At Change Finance, we understand that indigenous rights intersect all areas of ESG. Integrating indigenous rights into ESG is both a critical risk mitigation strategy and opportunity to elevate human rights and climate discussions. In honor of Indigenous Peoples' Day, we’re highlighting those organizations who have helped us learn, reflect, and incorporate indigenous rights into our consciousness and efforts at Change Finance.
We recently attended First Peoples Worldwide’s investor briefing Elevating Indigenous Rights in ESG Disclosures to learn more about indigenous-focused policy and the legal activism efforts underway to ensure the SEC is responsive to new federal rules involving climate risk and ESG standards -- all of which are critical disclosures to investors. Change Finance participated in various advocacy campaigns with our colleagues at The Shareholder Commons and USSIF to provide ESG related comments to the SEC. Change Finance also stands in full support of the coalition of indigenous and environmental groups that submitted comments stating human and land rights for indigenous peoples be a part of any climate risk disclosure to investors.
Currently, there are no universal or widely accepted standards regarding indigenous rights and ESG. The main resources for agreed upon standards include the Sustainability Accounting Standards Board (SASB) Index, which references the United Nations Declaration on the Rights of Indigenous Peoples (UNDRIP) without advising specific action, and the Global Reporting Initiative (GRI), which is a standard utilized by European companies in their investments.
A few key takeaways for indigenous rights and risks investors should be aware of from the conversation include:
- Focus on standards - While it is still an aspirational and not legally binding document, UNDRIP is a standard that should be complied with. The document clearly outlines the right to self determination which is significant because corporate disregard for these rights generate conflict with impacted peoples as well as greater legal, reputational, financial, and operational risks for investors.
- Indigenous representation matters - It is no secret that there is an underrepresentation of indigenous leaders in top corporate leadership positions. Therefore indigenous voices, values, and worldviews regarding environmental and social impact are missing from corporate governance at large. Efforts are currently underway to promote diversity in corporate boards where more indigenous leadership is clearly needed.
- There’s a toolkit - First World People’s Investors & Indigenous Peoples Working Group provides key talking points, information, and resources for investors and ESG practitioners for engagements to improve disclosure standards and practices in addition to ways to identify and avoid risk.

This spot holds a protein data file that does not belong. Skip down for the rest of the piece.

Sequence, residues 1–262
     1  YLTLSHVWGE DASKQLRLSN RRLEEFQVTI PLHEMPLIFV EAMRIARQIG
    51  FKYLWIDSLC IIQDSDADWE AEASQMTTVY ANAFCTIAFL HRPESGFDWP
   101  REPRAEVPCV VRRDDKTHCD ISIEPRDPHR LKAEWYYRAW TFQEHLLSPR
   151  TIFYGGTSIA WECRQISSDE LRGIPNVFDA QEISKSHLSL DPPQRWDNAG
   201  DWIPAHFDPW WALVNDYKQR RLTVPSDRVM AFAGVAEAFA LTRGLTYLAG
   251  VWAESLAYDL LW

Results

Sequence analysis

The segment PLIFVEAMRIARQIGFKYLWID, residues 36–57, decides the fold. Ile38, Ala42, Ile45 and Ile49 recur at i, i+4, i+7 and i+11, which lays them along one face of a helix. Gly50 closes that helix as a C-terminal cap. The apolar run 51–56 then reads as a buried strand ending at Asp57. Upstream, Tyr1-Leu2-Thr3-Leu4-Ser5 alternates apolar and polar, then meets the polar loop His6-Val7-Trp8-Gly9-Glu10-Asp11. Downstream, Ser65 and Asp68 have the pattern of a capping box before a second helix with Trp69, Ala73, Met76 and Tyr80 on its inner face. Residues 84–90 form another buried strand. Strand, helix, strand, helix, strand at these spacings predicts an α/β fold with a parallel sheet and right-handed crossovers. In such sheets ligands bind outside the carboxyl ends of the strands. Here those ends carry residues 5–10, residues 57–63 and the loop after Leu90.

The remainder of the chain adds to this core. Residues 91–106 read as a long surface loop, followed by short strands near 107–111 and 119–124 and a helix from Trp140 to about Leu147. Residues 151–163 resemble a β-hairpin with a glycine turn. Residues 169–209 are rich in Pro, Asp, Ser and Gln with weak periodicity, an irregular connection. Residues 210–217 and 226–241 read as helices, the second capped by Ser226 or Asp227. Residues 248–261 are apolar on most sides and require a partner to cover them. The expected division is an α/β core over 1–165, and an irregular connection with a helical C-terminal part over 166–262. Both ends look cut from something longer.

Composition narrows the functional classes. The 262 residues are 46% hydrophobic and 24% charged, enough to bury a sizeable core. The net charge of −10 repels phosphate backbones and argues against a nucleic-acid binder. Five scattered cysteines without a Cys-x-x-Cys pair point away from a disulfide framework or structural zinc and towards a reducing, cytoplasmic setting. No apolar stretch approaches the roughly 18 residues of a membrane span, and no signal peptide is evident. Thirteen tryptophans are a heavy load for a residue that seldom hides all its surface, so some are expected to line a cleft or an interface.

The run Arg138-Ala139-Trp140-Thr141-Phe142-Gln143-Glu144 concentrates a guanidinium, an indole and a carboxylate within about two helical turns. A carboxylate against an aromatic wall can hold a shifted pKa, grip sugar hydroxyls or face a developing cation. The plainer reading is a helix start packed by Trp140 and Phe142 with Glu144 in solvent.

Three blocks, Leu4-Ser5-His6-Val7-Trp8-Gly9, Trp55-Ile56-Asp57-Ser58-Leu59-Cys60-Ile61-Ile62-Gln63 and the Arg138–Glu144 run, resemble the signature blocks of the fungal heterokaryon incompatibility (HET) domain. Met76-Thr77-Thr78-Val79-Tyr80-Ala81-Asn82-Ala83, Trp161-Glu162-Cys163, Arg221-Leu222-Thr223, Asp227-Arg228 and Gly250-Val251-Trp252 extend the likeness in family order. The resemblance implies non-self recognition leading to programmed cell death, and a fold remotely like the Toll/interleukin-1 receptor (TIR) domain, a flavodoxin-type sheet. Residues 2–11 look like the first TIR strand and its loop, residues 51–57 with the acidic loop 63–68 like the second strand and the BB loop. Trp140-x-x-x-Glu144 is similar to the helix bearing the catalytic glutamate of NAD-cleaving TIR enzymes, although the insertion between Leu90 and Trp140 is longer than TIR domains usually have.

If you are interested in learning more about indigenous issues and ESG tools here are a few key resources that we’ve been discovering and paying attention to:
- Indigenous Sustainable Investment Discussing Opportunities in ESG from First Nations Major Projects Coalition
- Free, Prior, and Informed Due Diligence Questionnaire from First Peoples Worldwide
- Indigenous Resistance Against Carbon from Indigenous Environmental Network
- New UN Climate Report Is ‘Code Red for Humanity,’ but Joining Forces and Using Indigenous Knowledge Could Avert Disaster from the Independent Media Institute
To further our commitment to indigenous rights as part of our ESG focus, Change Finance supports Indigenous Environmental Network (IEN) to amplify their efforts. IEN is an alliance of Indigenous Peoples whose Shared Mission is to Protect the Sacredness of Earth Mother from contamination & exploitation by strengthening, maintaining and respecting Indigenous teachings and natural laws. IEN’s activities include building the capacity of Indigenous communities and tribal governments to develop mechanisms to protect our sacred sites, land, water, air, natural resources, health of both our people and all living things, and to build economically sustainable communities. We highly recommend digging into their research reports, learning more about their active campaigns, and engaging with their media.
We are committed to continuing to build on these efforts to integrate indigenous rights and ESG through our product development, shareholder advocacy engagements, and corporate values.